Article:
More people are getting flu shots, because multiple studies have shown the flu vaccine has been shown to reduce COVID infection severity). By late 2021, about 60% of the population routinely gets an annual flu shot (up from 45% in 2019). Many who don’t (yet) trust the COVID-19 vaccine, which first became available in December 2020 and was widely available from multiple venders by February or March 2021, have now begun to at least get a flu shot. A large section of the population continues to disbelieve in the safety or efficacy of the COVID-19 vaccine, in many cases because they trust random strangers on the internet for medical advice more than they do their primary care physician.
The COVID-19 vaccines, now offered by in least four variants, have one thing in common: They require semi-annual boosters to maintain immunity. As it turns out, the billions invested by the big Pharmaceutical companies have resulted in a vaccine against this stubbornly ever-present virus that unfortunately requires a semi-annual booster …meaning two shots a year for the foreseeable future. You first get your primary vaccination, which is administered anywhere you can get a flu shot; then you get semi-annual boosters, which can be self-administered at home. The boosters are available via subscription service and are mailed directly from the manufacturer, which saves you 30% versus getting them from a pharmacy or doctor’s office (and the subscription includes free delivery!).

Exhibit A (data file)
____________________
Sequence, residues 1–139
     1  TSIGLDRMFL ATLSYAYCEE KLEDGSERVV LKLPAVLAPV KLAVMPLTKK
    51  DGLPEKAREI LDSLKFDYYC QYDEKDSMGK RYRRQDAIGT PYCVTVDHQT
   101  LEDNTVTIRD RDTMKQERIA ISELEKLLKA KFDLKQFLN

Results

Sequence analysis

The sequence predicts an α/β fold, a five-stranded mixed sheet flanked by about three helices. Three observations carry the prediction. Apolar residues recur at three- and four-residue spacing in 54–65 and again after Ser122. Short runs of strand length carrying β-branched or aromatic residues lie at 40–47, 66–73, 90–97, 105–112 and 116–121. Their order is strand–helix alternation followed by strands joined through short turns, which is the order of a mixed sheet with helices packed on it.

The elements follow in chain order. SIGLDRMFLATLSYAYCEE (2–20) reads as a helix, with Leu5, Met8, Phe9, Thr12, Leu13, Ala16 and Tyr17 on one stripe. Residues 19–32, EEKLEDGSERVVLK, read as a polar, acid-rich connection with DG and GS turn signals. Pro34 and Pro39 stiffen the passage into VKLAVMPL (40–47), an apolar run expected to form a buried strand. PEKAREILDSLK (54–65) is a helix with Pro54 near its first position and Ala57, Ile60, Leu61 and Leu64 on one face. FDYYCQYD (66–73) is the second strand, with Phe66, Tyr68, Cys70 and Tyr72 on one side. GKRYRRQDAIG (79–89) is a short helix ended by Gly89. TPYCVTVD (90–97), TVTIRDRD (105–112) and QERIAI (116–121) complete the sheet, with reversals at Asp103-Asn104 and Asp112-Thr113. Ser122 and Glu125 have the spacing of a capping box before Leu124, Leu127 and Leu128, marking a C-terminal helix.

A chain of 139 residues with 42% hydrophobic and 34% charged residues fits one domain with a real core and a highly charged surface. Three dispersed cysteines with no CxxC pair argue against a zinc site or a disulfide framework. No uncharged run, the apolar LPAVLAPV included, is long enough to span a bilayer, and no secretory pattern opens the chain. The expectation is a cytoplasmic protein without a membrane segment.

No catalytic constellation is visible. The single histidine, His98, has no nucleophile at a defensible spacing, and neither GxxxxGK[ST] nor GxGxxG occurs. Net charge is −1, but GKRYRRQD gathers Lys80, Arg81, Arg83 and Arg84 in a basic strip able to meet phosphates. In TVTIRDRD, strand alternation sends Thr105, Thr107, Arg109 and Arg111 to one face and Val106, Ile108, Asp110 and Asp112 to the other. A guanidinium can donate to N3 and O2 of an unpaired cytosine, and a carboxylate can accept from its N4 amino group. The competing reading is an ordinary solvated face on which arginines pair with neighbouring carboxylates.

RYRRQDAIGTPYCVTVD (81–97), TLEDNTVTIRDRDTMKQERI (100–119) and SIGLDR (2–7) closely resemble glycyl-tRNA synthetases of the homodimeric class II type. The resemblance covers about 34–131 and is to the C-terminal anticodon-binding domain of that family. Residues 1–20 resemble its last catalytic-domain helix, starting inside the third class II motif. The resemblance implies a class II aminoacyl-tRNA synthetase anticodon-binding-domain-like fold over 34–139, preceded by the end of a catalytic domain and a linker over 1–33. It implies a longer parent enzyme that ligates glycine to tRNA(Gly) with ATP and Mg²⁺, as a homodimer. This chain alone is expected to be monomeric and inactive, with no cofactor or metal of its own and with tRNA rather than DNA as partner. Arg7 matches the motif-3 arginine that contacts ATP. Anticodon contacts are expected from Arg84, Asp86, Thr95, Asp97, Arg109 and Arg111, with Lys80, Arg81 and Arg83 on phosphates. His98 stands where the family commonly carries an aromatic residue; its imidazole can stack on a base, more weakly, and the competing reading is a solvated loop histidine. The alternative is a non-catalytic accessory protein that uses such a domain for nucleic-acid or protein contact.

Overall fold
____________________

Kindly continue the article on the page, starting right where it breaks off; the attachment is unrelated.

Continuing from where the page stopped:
40% of the population still distrusts the COVID-19 vaccine (because, you know, Facebook and misinformation, etc). This guarantees there will continue to be endless COVID infections (and deaths) throughout the world, ensuring ongoing, perennial sales for the Pharmaceutical companies selling their vaccines. Weirdly, legislators seem uninterested in changing this situation.